• Hannah Lindström

The truth about caffeine

Updated: Feb 3

Let’s talk about this whole caffeine thing that’s on everyone’s lips.


The effects of caffeine are many, unfortunately, one of the main things is that it blocks adenosine and stimulates cortisol and adrenaline, ie your stress system.



What do stress hormones have to do with it?

The effect of caffeine intake comes at the expense of other hormones. Because the body is smart. It chooses survival over peace and quiet. This happens regardless of whether the danger is an actual lion chasing you, or if the danger is only physically and mentally experienced. Your adrenal glands do not care if you slept badly last night or if you felt you had to have an afternoon coffee in the break room at work with some colleagues cause you didn’t want to be a party pooper and say no.


In other words, coffee/energy drinks/black tea is like drinking liquid stress (even green or white tea and cocoa in large quantities). To end up in fight or flight mode on a daily basis is not a good starting point for a smooth menopause transition (as one could imagine).


When you are stressed, which is very common to be from time to time throughout the day, the adrenal glands "steal" progesterone in a process called "pregnenolone steal". In short, it means that your body prioritizes the hormonal production to make you produce stress hormones, rather than to support having a balanced day.


Caffeine and sleep

The body has a very important sleepiness chemical called adenosine. When caffeine comes into your system, it hits the mute button on the adenosine signal of sleepiness, meaning it wakes you up and keeps you awake. Now, the issue with caffeine is that it has about a half-lifetime of about 6 hours in most people and a quarter-lifetime of 12 hours. Meaning, if you have a cup of coffee (or any caffeinated beverages or foods) at noon, a quarter of that caffeine is still circulating in your brain at midnight. “But I can fall asleep without issues when I have an espresso after dinner”, well, sure maybe you can fall asleep, but your quality of sleep is damaged. Research shows that even if you fall asleep and stay asleep, the amount of deep sleep that you get is reduced by about 20 percent.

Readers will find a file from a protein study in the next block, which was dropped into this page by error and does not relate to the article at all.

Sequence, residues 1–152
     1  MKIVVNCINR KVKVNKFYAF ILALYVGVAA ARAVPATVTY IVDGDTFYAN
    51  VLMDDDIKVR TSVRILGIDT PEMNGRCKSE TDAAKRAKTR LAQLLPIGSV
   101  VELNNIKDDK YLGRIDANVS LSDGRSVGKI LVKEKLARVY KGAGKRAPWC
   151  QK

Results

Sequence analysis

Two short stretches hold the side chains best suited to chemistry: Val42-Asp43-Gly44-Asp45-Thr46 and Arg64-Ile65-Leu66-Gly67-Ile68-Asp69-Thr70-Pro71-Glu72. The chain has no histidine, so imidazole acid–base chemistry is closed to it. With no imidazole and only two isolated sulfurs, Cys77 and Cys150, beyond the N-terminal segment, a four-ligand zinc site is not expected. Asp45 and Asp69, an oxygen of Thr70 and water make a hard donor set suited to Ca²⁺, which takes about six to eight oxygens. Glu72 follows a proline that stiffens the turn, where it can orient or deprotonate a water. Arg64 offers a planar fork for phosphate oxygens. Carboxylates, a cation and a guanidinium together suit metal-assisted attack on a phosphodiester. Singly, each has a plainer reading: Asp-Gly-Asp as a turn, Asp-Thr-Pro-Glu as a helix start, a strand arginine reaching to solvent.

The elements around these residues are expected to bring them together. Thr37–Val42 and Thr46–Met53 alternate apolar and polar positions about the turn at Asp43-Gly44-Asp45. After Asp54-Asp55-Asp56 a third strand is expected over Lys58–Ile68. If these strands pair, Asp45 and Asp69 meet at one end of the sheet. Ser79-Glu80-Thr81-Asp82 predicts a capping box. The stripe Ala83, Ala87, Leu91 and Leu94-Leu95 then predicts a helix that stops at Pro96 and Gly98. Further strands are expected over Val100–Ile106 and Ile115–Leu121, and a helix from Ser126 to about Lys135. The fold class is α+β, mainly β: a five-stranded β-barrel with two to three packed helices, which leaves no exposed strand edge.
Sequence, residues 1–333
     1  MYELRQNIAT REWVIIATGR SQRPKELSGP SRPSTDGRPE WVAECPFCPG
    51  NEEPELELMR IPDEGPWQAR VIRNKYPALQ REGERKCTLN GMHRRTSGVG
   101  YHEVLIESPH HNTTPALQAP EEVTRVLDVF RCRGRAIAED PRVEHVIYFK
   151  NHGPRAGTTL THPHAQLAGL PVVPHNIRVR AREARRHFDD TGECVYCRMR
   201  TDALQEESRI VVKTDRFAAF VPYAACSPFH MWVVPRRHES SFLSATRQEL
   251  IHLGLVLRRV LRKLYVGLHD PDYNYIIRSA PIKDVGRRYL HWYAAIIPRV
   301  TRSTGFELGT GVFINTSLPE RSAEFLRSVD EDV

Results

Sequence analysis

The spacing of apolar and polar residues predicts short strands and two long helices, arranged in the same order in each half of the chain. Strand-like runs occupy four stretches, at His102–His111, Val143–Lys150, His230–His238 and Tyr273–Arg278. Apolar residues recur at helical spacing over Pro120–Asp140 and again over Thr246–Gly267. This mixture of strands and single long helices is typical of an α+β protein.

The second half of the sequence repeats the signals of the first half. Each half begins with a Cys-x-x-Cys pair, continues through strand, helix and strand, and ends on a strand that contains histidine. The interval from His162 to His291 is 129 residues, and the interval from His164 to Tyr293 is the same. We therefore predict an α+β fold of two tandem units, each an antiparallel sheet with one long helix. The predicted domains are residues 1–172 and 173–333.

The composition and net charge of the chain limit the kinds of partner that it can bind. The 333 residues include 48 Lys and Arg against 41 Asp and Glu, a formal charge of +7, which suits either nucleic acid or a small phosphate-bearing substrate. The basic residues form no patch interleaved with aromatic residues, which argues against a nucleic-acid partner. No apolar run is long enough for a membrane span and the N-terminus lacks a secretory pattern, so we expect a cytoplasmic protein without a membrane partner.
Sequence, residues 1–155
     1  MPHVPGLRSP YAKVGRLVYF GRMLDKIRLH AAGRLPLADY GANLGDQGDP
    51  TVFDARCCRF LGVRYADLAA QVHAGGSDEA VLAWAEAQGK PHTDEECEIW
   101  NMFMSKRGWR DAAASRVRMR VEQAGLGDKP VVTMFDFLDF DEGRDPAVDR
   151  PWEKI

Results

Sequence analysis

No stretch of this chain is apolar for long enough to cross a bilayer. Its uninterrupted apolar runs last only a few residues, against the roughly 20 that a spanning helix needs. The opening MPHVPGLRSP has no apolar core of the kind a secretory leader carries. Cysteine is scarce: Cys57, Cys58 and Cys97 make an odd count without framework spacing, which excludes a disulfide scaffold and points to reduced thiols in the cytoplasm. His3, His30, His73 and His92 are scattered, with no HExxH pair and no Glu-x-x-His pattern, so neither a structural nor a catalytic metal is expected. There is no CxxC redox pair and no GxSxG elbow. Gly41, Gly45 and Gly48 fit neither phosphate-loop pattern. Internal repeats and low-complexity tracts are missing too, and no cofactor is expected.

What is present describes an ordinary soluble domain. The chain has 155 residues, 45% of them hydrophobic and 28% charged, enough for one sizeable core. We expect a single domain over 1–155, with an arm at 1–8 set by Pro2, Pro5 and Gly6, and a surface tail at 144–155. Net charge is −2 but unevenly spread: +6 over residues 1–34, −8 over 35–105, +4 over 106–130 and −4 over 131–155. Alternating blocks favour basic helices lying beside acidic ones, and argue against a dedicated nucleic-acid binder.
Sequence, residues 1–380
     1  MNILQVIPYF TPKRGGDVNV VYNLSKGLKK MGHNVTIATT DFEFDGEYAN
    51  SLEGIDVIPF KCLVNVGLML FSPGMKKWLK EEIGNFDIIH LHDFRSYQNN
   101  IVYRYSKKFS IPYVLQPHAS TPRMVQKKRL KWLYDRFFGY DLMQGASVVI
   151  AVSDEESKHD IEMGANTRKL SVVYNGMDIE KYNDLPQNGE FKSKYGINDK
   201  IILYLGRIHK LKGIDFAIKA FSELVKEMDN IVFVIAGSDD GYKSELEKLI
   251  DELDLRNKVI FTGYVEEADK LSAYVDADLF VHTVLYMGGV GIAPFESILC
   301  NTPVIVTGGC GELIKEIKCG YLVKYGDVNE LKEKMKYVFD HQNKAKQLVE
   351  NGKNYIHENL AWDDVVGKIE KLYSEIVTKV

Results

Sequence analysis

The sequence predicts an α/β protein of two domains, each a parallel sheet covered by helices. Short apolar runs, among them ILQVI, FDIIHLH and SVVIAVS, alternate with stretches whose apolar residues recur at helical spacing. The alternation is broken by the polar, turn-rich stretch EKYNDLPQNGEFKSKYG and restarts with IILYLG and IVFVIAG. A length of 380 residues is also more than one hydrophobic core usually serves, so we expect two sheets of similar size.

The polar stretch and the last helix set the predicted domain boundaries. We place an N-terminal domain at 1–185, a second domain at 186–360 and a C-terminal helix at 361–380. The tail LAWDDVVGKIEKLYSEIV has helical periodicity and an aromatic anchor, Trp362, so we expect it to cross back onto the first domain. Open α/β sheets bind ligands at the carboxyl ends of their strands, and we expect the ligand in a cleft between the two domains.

In other news Caffeine is something most people have in their lives as a bit of a daily security blanket. Which makes sense, cause you are really doing it all sister. It is also hard to know what is the chicken and what is the egg when it comes to menopause, and one can feel overwhelmed by all of the things people are telling them to stop doing. No gluten! No sugar! No carbs at all! No fat! No CAFFEINE?! Yikes, give us a break.


But if there is any advice that the Olivia team can give you, try to cut down on the caffeine and see how you feel.


Withdraw symptoms

Now be weary, it can be a bit overwhelming to quit a habit you have had for years and years.

A caffeine-addicted person who goes off caffeine will often initially experience headaches, irritability, etc., but also overwhelming tiredness. That fatigue is an abstinence reaction, it is not "the way you are". The adrenal glands, then accustomed to being constantly cheered on, derail a little. You can even get a little sick. It will pass. However, you will not lack anything (on the contrary, you keep your nutrition better) if you try to stop consuming caffeine for 1-2 months, and you can always start drinking it again if it did not help your problems.

And by a coincidence, the Olivia app happens to have a tailormade program just for that, cutting down on caffeine.

What do you have to lose by trying?


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